I don't know how long people have been enjoying dim sum. Despite the change in food trends, the dawn of food trucks and the inundation of fast food, dim sum has remained a favourite. People all over the world are still fanatics and are always on the quest to find the best dim sum houses in town. We are lucky to have a good one nearby and it never fails to give us pleasure and satisfaction.
Dim sum is the Chinese equivalent of the English high tea. It literally means to touch the heart. I love the concept of little taster portions of different kinds dishes rather than having a full set meal. Having dim sum is a sociable way of eating because the food is shared amongst the people at the table. The more people to share the meal, the better it is because you can order more dishes.
When I went home to the Philippines recently, I was quite surprised to see siomai in every street food cart and even in convenience stores such as Seven Eleven. Although dim sum making is a fine art that is best left to the experts, simple dumplings such as siomai can easily be made at home. The quality would not equal that of the dim sum houses but the resulting taste is definitely something to enjoy.
1 1/2 c. of chopped pork belly meat
1/2 c. of raw prawns, cut into cubes
3 cooked Chinese mushrooms, chopped
1 tbsp. light soy sauce
1 tbsp. corn flour
1 tbsp. sherry
1 tsp. sugar
1 tsp. sesame oil
gyoza or wonton wrappers cut into circles
chopped carrots and frozen green peas for decoration
Season the prawns with 1/2 tsp. of salt and set aside.
Mix the rest of the ingredients in a mixing bowl and stir vigorously with a wooden spoon. Pick up the mixture with one hand and throw back into the mixing bowl. Repeat this process until the mixture becomes sticky.
Rinse the prawns and dry very well with some kitchen paper. Add to the pork mixture and mix again. I made 13 big dumplings with this mixture.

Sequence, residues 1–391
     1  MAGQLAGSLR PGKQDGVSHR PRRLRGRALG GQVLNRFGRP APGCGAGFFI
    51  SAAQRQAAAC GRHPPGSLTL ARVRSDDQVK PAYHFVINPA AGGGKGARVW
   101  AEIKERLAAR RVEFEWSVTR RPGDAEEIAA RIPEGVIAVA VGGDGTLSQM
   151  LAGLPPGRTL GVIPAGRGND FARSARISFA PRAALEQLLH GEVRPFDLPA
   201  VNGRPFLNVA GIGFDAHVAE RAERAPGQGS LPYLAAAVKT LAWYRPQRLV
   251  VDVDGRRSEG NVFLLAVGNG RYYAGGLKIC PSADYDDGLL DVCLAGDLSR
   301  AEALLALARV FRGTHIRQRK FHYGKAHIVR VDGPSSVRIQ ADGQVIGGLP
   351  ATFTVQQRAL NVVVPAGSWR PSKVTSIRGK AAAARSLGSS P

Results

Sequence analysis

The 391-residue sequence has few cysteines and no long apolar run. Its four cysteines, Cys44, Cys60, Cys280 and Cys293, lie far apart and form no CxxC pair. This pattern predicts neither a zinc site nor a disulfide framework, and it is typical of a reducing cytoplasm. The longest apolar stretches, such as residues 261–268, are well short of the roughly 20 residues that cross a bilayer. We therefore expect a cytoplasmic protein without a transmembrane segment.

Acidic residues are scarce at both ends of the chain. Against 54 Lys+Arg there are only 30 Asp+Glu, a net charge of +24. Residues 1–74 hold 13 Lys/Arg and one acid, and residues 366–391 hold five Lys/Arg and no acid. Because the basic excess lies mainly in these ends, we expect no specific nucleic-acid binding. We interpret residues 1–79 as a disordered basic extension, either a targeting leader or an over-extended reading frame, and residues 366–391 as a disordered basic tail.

If you are using wonton wrappers, you can trim the corners off to make flower wrappers (round shaped). You can also use cookie cutters to do this. Put a tablespoonful of filling in the middle of a wrapper and gather the sides. The top remains open.
To do the pleated sides, it is easier if you set the wrapper on a board. Spoon in the filling, then pleat the wrapper all around. Using both hands, encircle the dumpling with your thumb and forefinger near the edge of the wrapper and squeeze gently while pushing down. This shapes the bottom of the dumpling so it sits squarely on the steamer as well as gives the top a rounded bump.
Sprinkle the top with chopped carrots or frozen green peas. Gently press to make it adhere to the filling.
Fill up a wok or steamer with water and bring to a boil. Line the steamer basket with Chinese leaves (so the dumplings won't stick) and arrange the dumplings on top.
Steam for 15 minutes. Standard sized dumplings would only take ten minutes. Serve with chilli sauce and chilli oil.
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